January 17, 2012

No Way Out!

Category: Religion — Cranky @

I’m comfortable with my views of religion and those who practice it. I’m tolerant, I’m remarkably free of prejudice, and I bear nobody ill will. Those who take their views to extremes and harm others – whether through terrorism, the suppression and harm of women, or any other form of, frankly, evil – those people I would like to see go away. But there are those people in every religion. I would no more automatically consider a Muslim suspicious than I would a Christian.

I first realized religion was not for me at the age of 15. I distinctly remember the first time I opened my Bible and realized I no longer felt it contained anything but old stories.

Am I richer for having no religion? No. But I don’t feel any poorer for it either. I do charity work on occasion, I’m a United Way contributor, and I sponsor a child in Ethiopia. I believe in good works, and I believe in doing right by others. “Good” doesn’t require an afterlife. It feels just fine without such a promise.

The Roman Catholic Church, however, claims me as one of its own. To this day I’m a bit miffed that they asked me to confirm my baptism by sacrament before I was old enough to meaningfully consider the question of whether or not I wanted to do so.

So recently it occurred to me that membership in the church is a loose end that I’d like to make right. Turns out that I need an “Actus Formalis Defectionis ab Ecclesia Catholica”. Basically it’s a written declaration of the intent to leave the church, filed with the bishop in charge of the area where my baptism was performed.

I also need a time machine. In 2009, the Catholic Church struck all mention of the process from the Code of Canon Law. In August, 2010, the Holy See confirmed that it is no longer possible to formally defect. In essence, “Haha! We got you forever.”

Well, poop.


November 18, 2010

Why Can't We All Just Get Along?

Category: Religion — Cranky @

Today I read about Asia Bibi, a christian in Pakistan who is awaiting her fate. She has been condemned to death because she’s been accused of blasphemy.

Now I’m about to break my own rule. You can search my entire site, and you will not find naughty language. I keep it friendly here, so it’s with more than a little sadness that I resort to swearing for emphasis.

Religion has got to fucking go.

It’s religion that keeps a third of the world in the dark ages with respect to women’s rights. It’s religion that fuels hatred across the globe. Religion has passed the point where it is necessary or useful. It is not worth the price we pay for it. Why can’t we all just get along? Because religion explicitly prevents that.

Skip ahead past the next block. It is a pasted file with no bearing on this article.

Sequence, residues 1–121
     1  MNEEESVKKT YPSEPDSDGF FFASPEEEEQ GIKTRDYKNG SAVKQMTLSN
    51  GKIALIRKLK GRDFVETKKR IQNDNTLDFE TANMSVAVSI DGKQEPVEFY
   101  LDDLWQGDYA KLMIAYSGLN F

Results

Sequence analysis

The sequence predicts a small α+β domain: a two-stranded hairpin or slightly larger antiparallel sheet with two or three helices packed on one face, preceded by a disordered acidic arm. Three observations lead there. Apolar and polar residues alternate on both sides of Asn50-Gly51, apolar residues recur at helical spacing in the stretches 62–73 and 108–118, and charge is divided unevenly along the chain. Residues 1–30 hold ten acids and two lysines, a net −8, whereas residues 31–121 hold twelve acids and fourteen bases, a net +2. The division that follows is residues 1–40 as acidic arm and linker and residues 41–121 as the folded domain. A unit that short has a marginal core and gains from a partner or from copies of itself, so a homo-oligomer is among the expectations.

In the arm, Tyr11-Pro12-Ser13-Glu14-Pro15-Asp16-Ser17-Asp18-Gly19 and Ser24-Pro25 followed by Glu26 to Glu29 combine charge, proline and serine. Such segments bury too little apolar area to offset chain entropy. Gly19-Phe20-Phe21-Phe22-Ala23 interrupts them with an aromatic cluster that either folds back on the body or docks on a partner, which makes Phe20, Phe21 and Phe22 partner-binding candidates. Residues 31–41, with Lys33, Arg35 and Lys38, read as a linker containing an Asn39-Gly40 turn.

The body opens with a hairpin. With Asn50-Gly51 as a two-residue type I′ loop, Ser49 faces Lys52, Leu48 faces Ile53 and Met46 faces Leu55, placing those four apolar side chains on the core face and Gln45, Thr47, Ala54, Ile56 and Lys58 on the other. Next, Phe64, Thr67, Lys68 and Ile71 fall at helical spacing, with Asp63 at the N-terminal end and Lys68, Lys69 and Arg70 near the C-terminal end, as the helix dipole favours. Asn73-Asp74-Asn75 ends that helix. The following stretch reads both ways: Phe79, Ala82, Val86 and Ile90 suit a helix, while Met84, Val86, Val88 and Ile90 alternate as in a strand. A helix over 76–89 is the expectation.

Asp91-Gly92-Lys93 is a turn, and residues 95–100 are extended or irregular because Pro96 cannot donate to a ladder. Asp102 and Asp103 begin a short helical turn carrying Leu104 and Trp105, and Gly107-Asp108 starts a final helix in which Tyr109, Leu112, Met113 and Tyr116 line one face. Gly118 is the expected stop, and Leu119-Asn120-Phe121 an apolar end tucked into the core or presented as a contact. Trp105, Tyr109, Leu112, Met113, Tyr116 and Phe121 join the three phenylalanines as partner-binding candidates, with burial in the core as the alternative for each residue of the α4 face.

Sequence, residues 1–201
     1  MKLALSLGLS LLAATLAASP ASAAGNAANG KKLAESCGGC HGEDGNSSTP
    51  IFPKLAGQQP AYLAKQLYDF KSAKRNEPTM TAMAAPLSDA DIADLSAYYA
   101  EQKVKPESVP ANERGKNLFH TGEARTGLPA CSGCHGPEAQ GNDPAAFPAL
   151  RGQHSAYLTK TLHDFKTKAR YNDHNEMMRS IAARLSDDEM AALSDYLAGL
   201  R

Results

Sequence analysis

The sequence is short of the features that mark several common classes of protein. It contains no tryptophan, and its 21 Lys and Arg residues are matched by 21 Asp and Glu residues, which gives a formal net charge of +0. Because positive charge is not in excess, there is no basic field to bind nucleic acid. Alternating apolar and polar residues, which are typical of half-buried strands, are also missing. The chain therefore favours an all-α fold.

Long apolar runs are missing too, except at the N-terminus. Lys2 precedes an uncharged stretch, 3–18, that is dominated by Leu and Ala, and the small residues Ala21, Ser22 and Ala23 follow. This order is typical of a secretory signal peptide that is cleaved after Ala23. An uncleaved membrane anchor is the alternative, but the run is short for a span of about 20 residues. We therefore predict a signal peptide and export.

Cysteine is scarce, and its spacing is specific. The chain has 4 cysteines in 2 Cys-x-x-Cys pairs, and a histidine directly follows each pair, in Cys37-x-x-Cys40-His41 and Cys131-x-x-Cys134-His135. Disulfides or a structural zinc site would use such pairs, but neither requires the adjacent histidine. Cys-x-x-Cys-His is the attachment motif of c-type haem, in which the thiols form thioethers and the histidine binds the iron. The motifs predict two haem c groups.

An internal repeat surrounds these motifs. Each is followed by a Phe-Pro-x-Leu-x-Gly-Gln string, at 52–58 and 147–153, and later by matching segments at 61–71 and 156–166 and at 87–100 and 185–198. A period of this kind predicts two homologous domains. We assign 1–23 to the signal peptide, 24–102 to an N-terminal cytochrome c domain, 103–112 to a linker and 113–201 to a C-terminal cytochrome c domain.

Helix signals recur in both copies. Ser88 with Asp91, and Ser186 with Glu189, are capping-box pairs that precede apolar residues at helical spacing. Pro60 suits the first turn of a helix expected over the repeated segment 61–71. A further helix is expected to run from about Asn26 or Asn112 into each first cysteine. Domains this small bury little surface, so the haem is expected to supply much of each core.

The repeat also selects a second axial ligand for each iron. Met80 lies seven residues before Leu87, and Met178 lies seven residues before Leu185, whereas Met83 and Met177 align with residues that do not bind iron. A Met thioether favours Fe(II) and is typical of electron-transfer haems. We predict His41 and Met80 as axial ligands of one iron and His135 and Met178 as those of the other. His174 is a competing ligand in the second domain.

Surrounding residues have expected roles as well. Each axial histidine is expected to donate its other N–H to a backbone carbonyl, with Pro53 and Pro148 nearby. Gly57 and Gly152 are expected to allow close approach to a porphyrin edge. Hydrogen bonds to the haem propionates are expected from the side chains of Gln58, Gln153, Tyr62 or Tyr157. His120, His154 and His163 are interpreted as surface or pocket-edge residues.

It’s time for the world to put on our freaking big boy pants and evolve past the need for a mystical bed-time story. There’s no reason why we need religion to form a moral compass. I don’t believe in God, but I give to charity, sponsor a child, and do unto others as I would like them to do unto me. No ever-watchful, all-good, but still somehow perfectly willing to burn you for eternity God is required.

The charitable works done by religious groups don’t have to stop, they just need to recognize that God doesn’t need to be attached. There are plenty of secular organizations doing that kind of work.

God is a crutch. Religion is too expensive. Mankind can go without both, and be better for it.


October 15, 2010

When Does the Fall Begin? The Decline's Nearly Complete.

Category: Religion — Cranky @

The Catholic Church has been through a lot in its 1700 years. It was created under Constantine’s “Edict of Milan”, and it took a scant 67 years to become the state religion of the Roman Empire. That’s impressive.

From that point began an evolution that would play out across centuries. The Church has worn a lot of hats, and wielded terrible power, often in terrible ways. To be sure, they’ve done good as well, but we’re talking about the body in charge of the Episcopal, Papal, and Spanish Inquisitions. In 1252, Pope Innocent IV issued Ad Exstirpanda, which specifically authorized the use of torture to extract confessions. Imagine that – an organization that can simply publicly declare that torture is okay. Now that’s power. The Church has owned governments, and declared war.

The 17th century brought the Age of Enlightenment, and things began to change. The French Revolution brought the Cult of Reason, moving power from the Church to the state. The Spanish Inquisition was finally brought to an end in 1834, after 356 years of horror. The power of the Church was becoming more abstract.

The 20th century was particularly hard for Catholic Church. With the power to punish essentially gone, they’ve endured scandal after scandal. The state exercised its power over the Church (and continues to do so) by trying some of the 4,392 clergymen accused of abuse. The ability of the state to apply this power is a significant milestone in the decline of the Church. Rewind the clock a few centuries and there’s no way the Vatican would have permitted such interference.

Today I read that Carla Bruni-Sarkozy, former model and pop singer, and current First Lady of France, is not welcome at the Vatican. This decree comes straight from the pope. Apparently it would be bad p.r. to be associated in any way with somebody with a racy past. Perhaps he should have thought about that before covering up Juan Carlos Patino-Arango’s molestation of little boys. Jesus said, “I came not to call the righteous, but sinners.” Apparently it’s okay to close the door on a sinner if you’d rather not be seen with them.

Here in the 21st century, the Church has lost its identity, and is searching for a new one. Even though their population holds strong at over a billion people, I’m calling it. At 12:45 p.m., mountain daylight time, on October 15, 2010, the Catholic Church has become…